"We must judge men not so much by what they do, as by what they make us feel that they have it in them to do."
"Fortune, we are told, is a blind and fickle foster-mother, who showers her gifts at random upon her nurslings. But we do her a grave injustice if we believe such an accusation. Trace a man's career from his cradle to his grave and mark how Fortune has treated him. You will find that when he is once dead she can for the most part be vindicated from the charge of any but very superficial fickleness. Her blindness is the merest fable; she can espy her favourites long before they are born. We are as days and have had our parents for our yesterdays, but through all the fair weather of a clear parental sky the eye of Fortune can discern the coming storm, and she laughs as she places her favourites: it may be in a London alley or those whom she is resolved to ruin in kings' palaces. Seldom does she relent towards those whom she has suckled unkindly and seldom does she completely fail a favoured nursling."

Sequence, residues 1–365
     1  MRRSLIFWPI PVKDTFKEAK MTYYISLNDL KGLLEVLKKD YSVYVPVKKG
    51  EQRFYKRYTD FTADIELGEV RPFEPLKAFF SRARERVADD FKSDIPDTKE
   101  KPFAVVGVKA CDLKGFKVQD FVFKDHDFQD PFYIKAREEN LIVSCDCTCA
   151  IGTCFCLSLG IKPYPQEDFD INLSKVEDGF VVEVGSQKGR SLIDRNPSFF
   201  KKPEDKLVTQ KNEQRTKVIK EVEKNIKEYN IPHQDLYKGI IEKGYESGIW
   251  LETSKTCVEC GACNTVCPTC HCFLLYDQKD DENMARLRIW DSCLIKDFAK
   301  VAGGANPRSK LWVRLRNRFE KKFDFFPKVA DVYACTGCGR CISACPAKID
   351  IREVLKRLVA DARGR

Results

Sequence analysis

"Adversity, if a man is set down to it by degrees, is more supportable with equanimity by most people than any great prosperity arrived at in a single lifetime."
"Every man's work, whether it be literature or music or pictures or architecture or anything else, is always a portrait of himself, and the more he tries to conceal himself the more clearly will his character appear in spite of him."
"The world has long ago settled that morality and virtue are what bring men peace at the last. "Be virtuous," says the copy-book, "and you will be happy." Surely if a reputed virtue fails often in this respect it is only an insidious form of vice, and if a reputed vice brings no very serious mischief on a man's later years it is not so bad a vice as it is said to be. Unfortunately, though we are all of a mind about the main opinion that virtue is what tends to happiness, and vice what ends in sorrow, we are not so unanimous about details."
"It is in the uncompromisingness with which dogma is held and not in the dogma or want of dogma that the danger lies."
"Christianity was true in so far as it had fostered beauty, and it had fostered much beauty. It was false in so far as it had fostered ugliness, and it had fostered much ugliness. It was therefore not a little true and not a little false; on the whole one might go farther and fare worse; the wisest course would be to live with it, and make the best and not the worst of it."
... The Way Of All Flesh, Samuel Butler